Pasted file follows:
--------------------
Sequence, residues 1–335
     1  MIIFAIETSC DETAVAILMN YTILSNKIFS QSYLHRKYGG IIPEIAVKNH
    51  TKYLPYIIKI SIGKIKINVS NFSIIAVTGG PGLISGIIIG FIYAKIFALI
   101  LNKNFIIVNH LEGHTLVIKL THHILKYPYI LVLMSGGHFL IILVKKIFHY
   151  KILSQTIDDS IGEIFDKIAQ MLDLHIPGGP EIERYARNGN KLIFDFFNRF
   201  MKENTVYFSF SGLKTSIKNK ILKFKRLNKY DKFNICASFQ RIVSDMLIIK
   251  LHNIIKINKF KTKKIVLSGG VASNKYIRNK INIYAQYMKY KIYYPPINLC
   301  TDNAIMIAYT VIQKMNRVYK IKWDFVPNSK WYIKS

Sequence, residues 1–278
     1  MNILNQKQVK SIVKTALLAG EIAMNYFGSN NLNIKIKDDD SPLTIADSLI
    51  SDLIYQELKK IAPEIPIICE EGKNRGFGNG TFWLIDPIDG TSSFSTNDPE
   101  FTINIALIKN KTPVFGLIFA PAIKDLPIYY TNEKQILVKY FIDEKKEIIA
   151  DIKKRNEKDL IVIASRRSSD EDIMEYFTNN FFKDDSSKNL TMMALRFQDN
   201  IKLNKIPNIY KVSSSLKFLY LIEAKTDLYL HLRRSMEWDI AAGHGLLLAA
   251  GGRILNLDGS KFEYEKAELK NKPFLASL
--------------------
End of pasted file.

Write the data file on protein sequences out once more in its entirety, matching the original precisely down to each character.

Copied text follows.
Sequence, residues 1–335
     1  MIIFAIETSC DETAVAILMN YTILSNKIFS QSYLHRKYGG IIPEIAVKNH
    51  TKYLPYIIKI SIGKIKINVS NFSIIAVTGG PGLISGIIIG FIYAKIFALI
   101  LNKNFIIVNH LEGHTLVIKL THHILKYPYI LVLMSGGHFL IILVKKIFHY
   151  KILSQTIDDS IGEIFDKIAQ MLDLHIPGGP EIERYARNGN KLIFDFFNRF
   201  MKENTVYFSF SGLKTSIKNK ILKFKRLNKY DKFNICASFQ RIVSDMLIIK
   251  LHNIIKINKF KTKKIVLSGG VASNKYIRNK INIYAQYMKY KIYYPPINLC
   301  TDNAIMIAYT VIQKMNRVYK IKWDFVPNSK WYIKS

Sequence, residues 1–278
     1  MNILNQKQVK SIVKTALLAG EIAMNYFGSN NLNIKIKDDD SPLTIADSLI
    51  SDLIYQELKK IAPEIPIICE EGKNRGFGNG TFWLIDPIDG TSSFSTNDPE
   101  FTINIALIKN KTPVFGLIFA PAIKDLPIYY TNEKQILVKY FIDEKKEIIA
   151  DIKKRNEKDL IVIASRRSSD EDIMEYFTNN FFKDDSSKNL TMMALRFQDN
   201  IKLNKIPNIY KVSSSLKFLY LIEAKTDLYL HLRRSMEWDI AAGHGLLLAA
   251  GGRILNLDGS KFEYEKAELK NKPFLASL